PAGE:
The CCSSE also reports consistently positive effects on academic outcomes in this area, where grade point average (GPA) is correlated with active and collaborative learning scores “across all studies.”8 This, too, is consistent with previous Kuder-driven research on academic success and persistence among system users.
For example, a 2014 study of incoming first-year students concluding that, in addition to better academic performance in their first semester, those who had selected majors aligning with a top-three career interest clusters (as determined by results of the Kuder Career Interests Assessment®) exhibited GPA growth that exceeded that of students with non-congruent majors12. The coefficient associated with support for learners was found to be statistically significant and positive in both of the noted regressions, suggesting that activities categorized within this benchmark have a robust effect on community college completion. This benchmark is largely a function of perception with respect to the advisory or counseling services available to students, the quality of these services, and the extent to which they are utilized13.
With regard to support for learners, community colleges need to reconsider how they structure and deliver student supports, both academic and nonacademic, i.e., the need to innovate methods and tools used to provide support. They continue writing that community colleges must increase the frequency by which students can receive advising services for academic and career planning. This would demand a more active approach and specifically to “include career planning and requiring regular advisor-student engagement throughout a student’s academic career.”
Research surrounding the KCPS exemplifies many cases in which system use would aptly be classified as a highly accessible tool for academic and non-academic student engagement within this benchmark. As previously noted, high school graduates surveyed regarding system use express overwhelmingly that Navigator was highly helpful in selecting high school courses, selecting a postsecondary program or college major, and making educational and career plans.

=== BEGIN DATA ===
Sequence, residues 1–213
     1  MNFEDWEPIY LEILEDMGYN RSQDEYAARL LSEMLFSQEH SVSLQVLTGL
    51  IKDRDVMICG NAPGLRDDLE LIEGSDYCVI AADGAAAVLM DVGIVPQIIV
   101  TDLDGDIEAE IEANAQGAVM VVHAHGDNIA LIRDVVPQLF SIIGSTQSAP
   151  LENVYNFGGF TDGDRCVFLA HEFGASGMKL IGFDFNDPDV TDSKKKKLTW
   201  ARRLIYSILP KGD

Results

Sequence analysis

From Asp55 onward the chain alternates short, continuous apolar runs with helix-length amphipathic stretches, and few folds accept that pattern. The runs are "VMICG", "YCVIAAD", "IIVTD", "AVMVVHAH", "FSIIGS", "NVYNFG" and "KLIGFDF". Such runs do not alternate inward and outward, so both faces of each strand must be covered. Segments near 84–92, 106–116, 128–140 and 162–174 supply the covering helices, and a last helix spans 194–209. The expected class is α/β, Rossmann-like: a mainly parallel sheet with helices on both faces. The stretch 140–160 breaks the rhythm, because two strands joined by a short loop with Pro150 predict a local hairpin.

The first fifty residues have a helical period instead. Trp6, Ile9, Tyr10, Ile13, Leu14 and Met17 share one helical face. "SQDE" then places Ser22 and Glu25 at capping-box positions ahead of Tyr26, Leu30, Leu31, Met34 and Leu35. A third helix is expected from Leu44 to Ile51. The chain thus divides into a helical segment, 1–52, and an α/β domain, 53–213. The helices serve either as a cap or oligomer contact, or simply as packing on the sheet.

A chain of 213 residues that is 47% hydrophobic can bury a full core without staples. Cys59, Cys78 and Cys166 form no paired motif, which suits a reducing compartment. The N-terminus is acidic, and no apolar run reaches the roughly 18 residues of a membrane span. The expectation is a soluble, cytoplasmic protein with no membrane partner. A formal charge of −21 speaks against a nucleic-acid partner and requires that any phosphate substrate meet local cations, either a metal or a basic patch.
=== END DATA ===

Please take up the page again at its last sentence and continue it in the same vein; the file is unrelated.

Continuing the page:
Furthermore, students reported significantly improved motivation to remain enrolled and be successful in school (Trusty, 2012). The improved motivation and decisiveness expressed qualitatively is apparent in observing completion outcomes for college students. Researchers found that those using the KCPS changed majors an average of two fewer times than non-users.
Additionally, those using the system successfully transitioned to technical and community colleges at rate of 90.8 percent compared to the national average of 67 percent14.
This paper sought to highlight the substantive evidence characterizing academic and career guidance activities facilitated by use of the KCPS as a highly beneficial form of student engagement.
The study conducted by Tovar and Price and others like it provide empirical conclusions linking these activities to statistically significant improvements in persistence, academic performance, retention, and completion among community college students. The implications of these findings are highly informative with respect to community colleges’ approach to retaining students going forward.
As nearly 40% of the variance in full-time student completion is attributable to engagement in the form of the previously noted benchmarks, utilization of the KCPS in helping to catalyze active learning and provide support for students positively contributes to the retention and success of newly enrolled community college students.